In California, every rental agreement contains the implied covenant of quiet enjoyment. ‘Implied’ means even if the covenant is not explicitedly stated in the lease it still exists. This covenant means that landlord cannot do two things. The landlord cannot lease the tenant’s unit to someone else. The landlord also cannot physically interfere with the tenant living in the unit, such as having extensive remodeling done in the apartment next door for long periods.
Usually the covenant does not protect sublessors because there is no lease between the landlord and the sublessee. In most sublease situations, there is only a rental agreement between the lessor (usually referred to as the master tenant) and the sublessee. However, if the landlord expressly agrees to the sublease, then there is a contract between the landlord and the sublessee. The sublessee can then sue the landlord if there is a breach of the covenant.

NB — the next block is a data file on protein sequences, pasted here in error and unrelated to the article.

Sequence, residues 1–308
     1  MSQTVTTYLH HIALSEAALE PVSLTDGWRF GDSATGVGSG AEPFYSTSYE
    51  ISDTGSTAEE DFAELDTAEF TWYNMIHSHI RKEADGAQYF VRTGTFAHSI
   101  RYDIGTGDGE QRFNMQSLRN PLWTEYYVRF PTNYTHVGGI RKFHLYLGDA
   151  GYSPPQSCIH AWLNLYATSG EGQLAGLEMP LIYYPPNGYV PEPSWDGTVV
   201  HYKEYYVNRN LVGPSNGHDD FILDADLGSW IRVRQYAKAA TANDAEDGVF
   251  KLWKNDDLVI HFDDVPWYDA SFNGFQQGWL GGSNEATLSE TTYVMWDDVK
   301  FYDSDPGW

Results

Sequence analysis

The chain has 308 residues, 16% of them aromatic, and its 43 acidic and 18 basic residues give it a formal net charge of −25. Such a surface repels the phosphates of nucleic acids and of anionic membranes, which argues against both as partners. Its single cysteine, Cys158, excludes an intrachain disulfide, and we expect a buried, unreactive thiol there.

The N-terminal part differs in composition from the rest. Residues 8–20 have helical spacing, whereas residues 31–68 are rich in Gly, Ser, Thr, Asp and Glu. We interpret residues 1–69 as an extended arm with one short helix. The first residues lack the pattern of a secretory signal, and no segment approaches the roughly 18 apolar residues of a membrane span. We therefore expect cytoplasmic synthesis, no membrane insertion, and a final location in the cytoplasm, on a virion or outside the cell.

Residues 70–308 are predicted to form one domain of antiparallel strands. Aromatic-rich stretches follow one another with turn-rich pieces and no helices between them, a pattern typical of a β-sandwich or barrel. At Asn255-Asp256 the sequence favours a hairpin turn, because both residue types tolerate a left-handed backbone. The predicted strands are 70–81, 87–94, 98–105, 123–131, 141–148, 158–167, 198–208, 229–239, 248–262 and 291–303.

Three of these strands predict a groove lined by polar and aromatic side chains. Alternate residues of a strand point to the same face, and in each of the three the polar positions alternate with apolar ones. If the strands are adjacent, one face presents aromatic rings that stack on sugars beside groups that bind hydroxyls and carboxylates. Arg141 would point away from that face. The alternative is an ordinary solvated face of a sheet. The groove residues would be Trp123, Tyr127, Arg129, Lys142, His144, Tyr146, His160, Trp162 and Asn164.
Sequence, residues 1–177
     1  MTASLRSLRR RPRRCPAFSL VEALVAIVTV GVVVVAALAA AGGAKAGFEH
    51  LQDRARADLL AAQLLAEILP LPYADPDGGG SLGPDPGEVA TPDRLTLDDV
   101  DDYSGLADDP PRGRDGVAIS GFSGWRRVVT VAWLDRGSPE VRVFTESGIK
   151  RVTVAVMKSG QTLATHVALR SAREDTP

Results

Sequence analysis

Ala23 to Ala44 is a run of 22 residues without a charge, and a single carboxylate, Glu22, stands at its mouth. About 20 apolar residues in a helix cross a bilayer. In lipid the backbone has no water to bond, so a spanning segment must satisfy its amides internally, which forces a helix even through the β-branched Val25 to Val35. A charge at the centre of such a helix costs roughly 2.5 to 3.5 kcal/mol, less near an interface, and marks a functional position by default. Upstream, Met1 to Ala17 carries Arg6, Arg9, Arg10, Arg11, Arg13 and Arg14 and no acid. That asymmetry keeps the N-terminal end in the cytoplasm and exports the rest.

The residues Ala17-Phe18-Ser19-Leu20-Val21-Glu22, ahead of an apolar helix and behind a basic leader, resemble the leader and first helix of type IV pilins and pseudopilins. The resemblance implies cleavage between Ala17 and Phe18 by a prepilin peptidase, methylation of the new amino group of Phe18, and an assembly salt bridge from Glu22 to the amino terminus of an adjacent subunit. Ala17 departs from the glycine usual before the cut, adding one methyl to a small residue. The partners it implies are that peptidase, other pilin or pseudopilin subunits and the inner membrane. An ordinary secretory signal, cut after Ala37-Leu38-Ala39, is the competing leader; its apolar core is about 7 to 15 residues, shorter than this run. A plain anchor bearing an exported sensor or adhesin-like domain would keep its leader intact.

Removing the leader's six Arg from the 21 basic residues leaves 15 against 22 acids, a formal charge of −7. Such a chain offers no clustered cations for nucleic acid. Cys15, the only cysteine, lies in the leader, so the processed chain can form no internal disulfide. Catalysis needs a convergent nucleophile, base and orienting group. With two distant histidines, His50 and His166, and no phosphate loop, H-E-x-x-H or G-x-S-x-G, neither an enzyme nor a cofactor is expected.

A tenant has remedies for the landlord’s breach of the covenant. For instance, if the landlord attempts to make the tenant move out of the apartment by threats or force, then a tenant who prevails in a lawsuit against the landlord is entitled to a civil penalty not to exceed $2,000. This penalty applies even in a small claims action.